Ukraine and its allies, including London, are threatening Russia for the last 1,000 years, to move Nato to our borders, to cancel our culture – they have bullied us for many, many years.”

That is what Yevgeny Popov, a member of the Russian Duma (parliament) and an influential TV host in Russia, told the BBC’s Ukrainecast on 19 April. “Of course Nato plans for Ukraine are a direct threat to Russian citizens.”

His views were both surprising and enlightening as to the very different narrative put out by the Kremlin, compared to the way it’s viewed in the West. To European and Western ears, these pronouncements sound almost unfathomable, even amounting to a blatant disregard for carefully documented evidence. Yet these are just some of the beliefs held not only by Kremlin supporters in Russia and across the wider population there but also in several other parts of the world.

After Russia launched its invasion of Ukraine on 24 February, the UN held an emergency vote – 141 nations out of 193 UN member states voted a week later to condemn it. But a number of major countries chose to abstain, including China, India and South Africa. So it would be delusional for Western leaders to believe that the entire world shares Nato’s view – that Russia is entirely to blame for this catastrophic war – because it doesn’t.

So why are so many countries on the fence about Russia’s invasion?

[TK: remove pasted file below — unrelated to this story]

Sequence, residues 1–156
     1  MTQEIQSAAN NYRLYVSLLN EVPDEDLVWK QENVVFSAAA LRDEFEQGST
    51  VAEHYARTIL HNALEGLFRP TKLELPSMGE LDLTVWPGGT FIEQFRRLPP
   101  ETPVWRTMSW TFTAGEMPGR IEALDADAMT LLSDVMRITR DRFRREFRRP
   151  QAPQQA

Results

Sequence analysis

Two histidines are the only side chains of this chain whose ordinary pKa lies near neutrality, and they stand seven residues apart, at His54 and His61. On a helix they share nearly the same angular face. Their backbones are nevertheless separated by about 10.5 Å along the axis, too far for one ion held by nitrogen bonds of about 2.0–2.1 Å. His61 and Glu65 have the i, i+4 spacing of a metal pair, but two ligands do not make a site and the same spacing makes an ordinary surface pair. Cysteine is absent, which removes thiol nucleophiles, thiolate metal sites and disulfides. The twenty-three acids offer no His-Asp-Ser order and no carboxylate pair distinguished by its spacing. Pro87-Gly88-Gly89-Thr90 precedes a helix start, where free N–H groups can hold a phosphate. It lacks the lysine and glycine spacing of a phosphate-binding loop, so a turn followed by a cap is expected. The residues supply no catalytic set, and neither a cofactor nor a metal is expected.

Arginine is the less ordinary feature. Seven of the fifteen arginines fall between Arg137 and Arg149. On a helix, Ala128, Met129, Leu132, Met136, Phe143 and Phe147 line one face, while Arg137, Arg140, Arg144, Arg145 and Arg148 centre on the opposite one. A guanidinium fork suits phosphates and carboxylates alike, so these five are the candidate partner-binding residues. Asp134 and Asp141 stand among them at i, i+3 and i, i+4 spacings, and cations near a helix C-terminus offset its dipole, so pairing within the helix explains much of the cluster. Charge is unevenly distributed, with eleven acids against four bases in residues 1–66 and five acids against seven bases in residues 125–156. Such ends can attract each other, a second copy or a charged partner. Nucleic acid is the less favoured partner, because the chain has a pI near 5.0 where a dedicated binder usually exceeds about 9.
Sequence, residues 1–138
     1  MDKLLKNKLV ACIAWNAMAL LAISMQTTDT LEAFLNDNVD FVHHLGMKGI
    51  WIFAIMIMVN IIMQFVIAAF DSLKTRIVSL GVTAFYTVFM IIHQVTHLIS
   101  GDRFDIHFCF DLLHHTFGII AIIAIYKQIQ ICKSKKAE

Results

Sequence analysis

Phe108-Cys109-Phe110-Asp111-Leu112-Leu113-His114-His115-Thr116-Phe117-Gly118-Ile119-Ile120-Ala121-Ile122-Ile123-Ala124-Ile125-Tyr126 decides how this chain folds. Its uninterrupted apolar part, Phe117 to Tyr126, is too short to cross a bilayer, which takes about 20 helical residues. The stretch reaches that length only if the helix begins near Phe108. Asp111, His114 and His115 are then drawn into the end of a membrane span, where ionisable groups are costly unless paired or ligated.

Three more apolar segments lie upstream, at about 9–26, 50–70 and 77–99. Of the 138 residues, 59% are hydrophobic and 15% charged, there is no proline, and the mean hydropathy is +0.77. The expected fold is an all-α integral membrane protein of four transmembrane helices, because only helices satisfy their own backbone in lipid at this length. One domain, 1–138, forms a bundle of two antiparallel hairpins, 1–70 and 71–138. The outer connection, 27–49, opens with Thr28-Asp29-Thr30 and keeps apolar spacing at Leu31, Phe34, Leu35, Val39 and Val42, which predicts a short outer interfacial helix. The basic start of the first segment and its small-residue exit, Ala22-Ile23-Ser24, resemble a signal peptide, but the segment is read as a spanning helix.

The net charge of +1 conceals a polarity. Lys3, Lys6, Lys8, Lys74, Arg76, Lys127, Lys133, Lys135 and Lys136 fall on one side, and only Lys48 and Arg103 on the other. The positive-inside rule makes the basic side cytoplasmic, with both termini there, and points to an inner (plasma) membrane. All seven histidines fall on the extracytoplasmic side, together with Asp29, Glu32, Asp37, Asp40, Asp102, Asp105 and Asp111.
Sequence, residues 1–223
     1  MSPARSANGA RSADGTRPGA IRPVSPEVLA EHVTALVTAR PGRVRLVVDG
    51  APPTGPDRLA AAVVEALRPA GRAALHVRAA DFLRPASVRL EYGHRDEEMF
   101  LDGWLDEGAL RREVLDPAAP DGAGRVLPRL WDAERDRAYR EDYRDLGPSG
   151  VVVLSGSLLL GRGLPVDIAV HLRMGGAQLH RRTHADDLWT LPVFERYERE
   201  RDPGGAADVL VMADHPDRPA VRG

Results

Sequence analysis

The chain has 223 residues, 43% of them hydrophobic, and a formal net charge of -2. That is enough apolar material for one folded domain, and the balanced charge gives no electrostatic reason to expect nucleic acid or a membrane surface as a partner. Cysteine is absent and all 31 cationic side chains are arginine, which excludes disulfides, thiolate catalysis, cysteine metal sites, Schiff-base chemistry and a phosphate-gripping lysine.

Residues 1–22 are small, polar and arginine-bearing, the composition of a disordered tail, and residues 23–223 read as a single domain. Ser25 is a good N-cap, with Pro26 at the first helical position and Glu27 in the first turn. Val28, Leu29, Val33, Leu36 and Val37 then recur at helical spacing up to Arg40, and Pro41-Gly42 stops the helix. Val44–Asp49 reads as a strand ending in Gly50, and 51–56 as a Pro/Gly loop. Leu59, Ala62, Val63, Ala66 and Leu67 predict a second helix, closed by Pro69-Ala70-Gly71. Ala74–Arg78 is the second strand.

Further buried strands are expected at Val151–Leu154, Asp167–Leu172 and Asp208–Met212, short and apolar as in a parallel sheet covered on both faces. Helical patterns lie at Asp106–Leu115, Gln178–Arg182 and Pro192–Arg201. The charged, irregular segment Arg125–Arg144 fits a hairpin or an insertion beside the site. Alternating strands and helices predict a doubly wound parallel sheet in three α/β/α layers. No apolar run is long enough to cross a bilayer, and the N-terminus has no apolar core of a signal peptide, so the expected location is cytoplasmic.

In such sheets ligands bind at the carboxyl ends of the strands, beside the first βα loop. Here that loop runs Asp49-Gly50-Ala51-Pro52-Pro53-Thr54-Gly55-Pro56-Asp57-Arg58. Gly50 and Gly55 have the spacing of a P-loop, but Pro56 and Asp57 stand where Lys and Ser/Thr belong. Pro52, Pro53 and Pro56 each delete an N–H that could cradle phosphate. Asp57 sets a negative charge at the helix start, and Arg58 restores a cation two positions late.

There are many reasons, ranging from straightforward economic or military self-interest, to accusations of Western hypocrisy to Europe’s colonial past. There is no one-size-fits-all. Every country may have its own particular reasons for not wanting to publicly condemn Russia or alienate President Putin.

No limits’ to co-operation

Let’s start with China, the world’s most populous state with more than 1.4 billion people, most of whom get their news on Ukraine from the state-controlled media, just as most people do in Russia. China received a high-profile visitor to its Winter Olympics shortly before the Ukraine invasion began on 24 February – President Putin. A Chinese communique issued afterwards said there “was no limit to the two countries’ co-operation”. So did Putin tip off his Chinese counterpart Xi Jinping that he was about to launch a full-scale invasion of Ukraine? Absolutely not, says China, but it’s hard to imagine that there would have not been even just a hint of what was to come to such an important neighbour.

China and Russia may one day end up being strategic rivals, but today they are partners and share a common disdain, bordering on enmity, for Nato, the West and its democratic values. China has already clashed with the US over Chinese military expansion into the South China Sea. Beijing has also clashed with Western governments over its treatment of its Uighur population, its crushing of democracy in Hong Kong and its frequently repeated vow to “return Taiwan to the fold”, by force if necessary.